Why ‘Fail Early and Often’ Is Wrong

You should be learning from your successes, not your failures.

Written by Joe Procopio
Published on Jun. 30, 2021
Why ‘Fail Early and Often’ Is Wrong
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Failure is not good for you. Entrepreneurs who are told that failure is a treasure chest full of valuable startup lessons are being sold a false — and sometimes self-fulfilling — bill of goods.

“Fail early and often” is another one of those tired advice soundbites I dislike. Not because it’s flat-out wrong, but because it rarely comes with the necessary context.

I know the stench of failure. I’ve wallowed in the misfortune of my own making more than I care to admit. And I’ll be the first to tell you that those failures came with very poignant lessons about what not to do. But seriously, I could have read those lessons online — or at least somebody could have given me a heads up.

The truth is that you need to minimize failure and all the painful learnings that come with it. Instead, you should be learning from your individual successes, small and large, at every step of the journey. Not only are these lessons more frequent, they come with a lot fewer setbacks. 

Learning from success is a much more valuable opportunity than learning from failure, as long as you remember to take the time to do it — which very few entrepreneurs do.

Let’s change that.

More Expert Analysis From Joe ProcopioHow Founders Save Their Startups


Play to Win, Not to Not Lose

Learning from failure only keeps you from failing the same way next time.

But no successful entrepreneur goes into their startup genuinely hoping to fail quickly. That’s where the self-fulfilling-prophecy part of “fail early and often” rears its head.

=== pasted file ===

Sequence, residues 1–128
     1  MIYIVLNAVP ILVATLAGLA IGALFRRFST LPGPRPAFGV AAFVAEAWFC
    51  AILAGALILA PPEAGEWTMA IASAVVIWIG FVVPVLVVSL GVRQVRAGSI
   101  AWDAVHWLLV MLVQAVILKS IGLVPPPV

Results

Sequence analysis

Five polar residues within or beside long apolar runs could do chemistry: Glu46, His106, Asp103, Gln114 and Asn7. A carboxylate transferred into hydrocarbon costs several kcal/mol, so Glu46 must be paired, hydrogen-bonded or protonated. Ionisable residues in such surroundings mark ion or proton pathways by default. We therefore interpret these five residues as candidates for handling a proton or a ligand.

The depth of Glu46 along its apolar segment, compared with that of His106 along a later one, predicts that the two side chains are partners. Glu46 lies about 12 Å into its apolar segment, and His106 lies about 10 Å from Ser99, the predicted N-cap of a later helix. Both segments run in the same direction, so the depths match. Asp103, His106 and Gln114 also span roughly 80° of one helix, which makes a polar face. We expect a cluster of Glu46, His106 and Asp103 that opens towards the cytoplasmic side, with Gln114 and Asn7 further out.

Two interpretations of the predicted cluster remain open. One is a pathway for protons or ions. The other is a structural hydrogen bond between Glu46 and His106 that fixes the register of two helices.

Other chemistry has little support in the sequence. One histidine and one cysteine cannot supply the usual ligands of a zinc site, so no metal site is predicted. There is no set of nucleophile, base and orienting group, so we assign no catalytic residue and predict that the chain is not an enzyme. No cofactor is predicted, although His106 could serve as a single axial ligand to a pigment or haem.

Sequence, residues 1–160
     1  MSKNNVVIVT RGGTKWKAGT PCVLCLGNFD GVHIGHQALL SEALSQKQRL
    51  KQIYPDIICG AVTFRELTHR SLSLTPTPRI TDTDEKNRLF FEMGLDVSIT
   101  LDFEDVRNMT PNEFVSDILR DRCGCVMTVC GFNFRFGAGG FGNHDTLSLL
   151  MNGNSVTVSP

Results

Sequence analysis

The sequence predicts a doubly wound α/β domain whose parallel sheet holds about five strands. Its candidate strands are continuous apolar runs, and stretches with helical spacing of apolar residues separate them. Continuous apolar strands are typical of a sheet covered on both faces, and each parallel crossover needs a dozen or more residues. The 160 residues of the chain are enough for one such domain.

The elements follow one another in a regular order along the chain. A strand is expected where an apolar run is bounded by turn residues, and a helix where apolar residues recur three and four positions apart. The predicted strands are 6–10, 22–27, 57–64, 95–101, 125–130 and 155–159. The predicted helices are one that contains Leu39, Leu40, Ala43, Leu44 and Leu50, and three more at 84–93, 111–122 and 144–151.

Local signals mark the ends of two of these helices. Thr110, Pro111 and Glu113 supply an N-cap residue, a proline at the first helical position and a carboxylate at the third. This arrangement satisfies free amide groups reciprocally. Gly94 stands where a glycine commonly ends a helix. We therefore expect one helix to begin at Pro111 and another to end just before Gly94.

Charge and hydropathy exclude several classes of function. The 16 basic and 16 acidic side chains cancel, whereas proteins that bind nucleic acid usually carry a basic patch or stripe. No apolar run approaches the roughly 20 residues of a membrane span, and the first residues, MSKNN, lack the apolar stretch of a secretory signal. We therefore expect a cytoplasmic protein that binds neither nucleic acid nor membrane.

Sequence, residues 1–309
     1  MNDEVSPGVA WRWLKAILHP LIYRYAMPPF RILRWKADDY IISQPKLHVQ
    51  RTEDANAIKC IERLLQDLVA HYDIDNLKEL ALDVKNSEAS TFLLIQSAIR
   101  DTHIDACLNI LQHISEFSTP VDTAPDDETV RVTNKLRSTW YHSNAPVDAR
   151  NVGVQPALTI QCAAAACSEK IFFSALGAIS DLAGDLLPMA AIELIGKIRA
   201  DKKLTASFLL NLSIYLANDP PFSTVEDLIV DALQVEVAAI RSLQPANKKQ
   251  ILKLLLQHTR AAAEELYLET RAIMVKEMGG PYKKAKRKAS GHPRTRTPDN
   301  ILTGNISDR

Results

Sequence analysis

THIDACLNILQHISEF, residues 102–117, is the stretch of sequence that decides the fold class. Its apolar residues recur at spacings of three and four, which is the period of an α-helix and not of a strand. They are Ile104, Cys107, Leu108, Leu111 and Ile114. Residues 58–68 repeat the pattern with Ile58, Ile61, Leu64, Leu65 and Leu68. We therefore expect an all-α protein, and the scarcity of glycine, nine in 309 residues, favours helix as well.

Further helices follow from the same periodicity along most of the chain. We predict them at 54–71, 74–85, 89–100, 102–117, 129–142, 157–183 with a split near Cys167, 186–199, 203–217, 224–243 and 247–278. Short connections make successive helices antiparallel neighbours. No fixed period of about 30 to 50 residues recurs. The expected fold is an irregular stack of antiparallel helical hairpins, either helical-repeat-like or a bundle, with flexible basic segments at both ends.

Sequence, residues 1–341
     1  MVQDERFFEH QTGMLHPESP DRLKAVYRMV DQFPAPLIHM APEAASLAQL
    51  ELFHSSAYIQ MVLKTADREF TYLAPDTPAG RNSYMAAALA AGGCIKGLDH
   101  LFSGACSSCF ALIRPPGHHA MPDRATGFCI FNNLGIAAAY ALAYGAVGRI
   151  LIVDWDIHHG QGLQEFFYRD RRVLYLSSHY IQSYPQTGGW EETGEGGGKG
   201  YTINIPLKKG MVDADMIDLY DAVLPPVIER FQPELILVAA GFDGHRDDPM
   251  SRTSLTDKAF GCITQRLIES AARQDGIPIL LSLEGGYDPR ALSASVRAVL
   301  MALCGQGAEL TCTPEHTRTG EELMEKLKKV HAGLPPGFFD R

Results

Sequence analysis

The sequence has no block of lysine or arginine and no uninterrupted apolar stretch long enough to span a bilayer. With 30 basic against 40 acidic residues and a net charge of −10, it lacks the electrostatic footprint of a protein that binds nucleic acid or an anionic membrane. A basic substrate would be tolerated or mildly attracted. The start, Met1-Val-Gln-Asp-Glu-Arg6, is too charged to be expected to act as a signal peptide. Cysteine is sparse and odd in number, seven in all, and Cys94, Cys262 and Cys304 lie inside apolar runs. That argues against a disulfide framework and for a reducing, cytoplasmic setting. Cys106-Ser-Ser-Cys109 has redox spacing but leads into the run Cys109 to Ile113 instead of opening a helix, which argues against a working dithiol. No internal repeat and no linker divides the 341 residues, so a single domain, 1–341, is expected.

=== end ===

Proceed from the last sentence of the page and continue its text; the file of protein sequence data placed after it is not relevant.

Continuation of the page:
Any decent sports coach will identify a team or a player that’s playing not to lose and immediately correct that behavior. How many times have you seen a team that’s leading late in a game switch their strategy to protect that lead and ultimately lose the game? There’s even a saying in football, “A prevent defense just prevents you from winning.”

Learning from success is what propels real growth.

In business, almost everything you do is an experiment. When you make changes to a product or a process, when you attack new markets to acquire more customers, or when you explore new ideas to expand your offering, all of these decisions have measurable consequences and results.

Often when we make a decision and it pays off, we may celebrate a little, but that’s where it ends. We rarely take the time to understand how the decision resulted in success and, more crucially, how we can exploit those learnings to expand on that success. In other words, when something we do works, we’re content not to change it again until it stops working.

It’s the difference between “Hey, that worked!” and “Wait. Why did that work?”

Want to take the leap and start playing to win instead of playing to fail? Here’s what I’ve learned with some of my successes, both large and small.


Stop Doing What Other People Think You Should Do

Don’t mold your startup to look, sound and act like other businesses. This is the top play in the playbook of playing not to lose.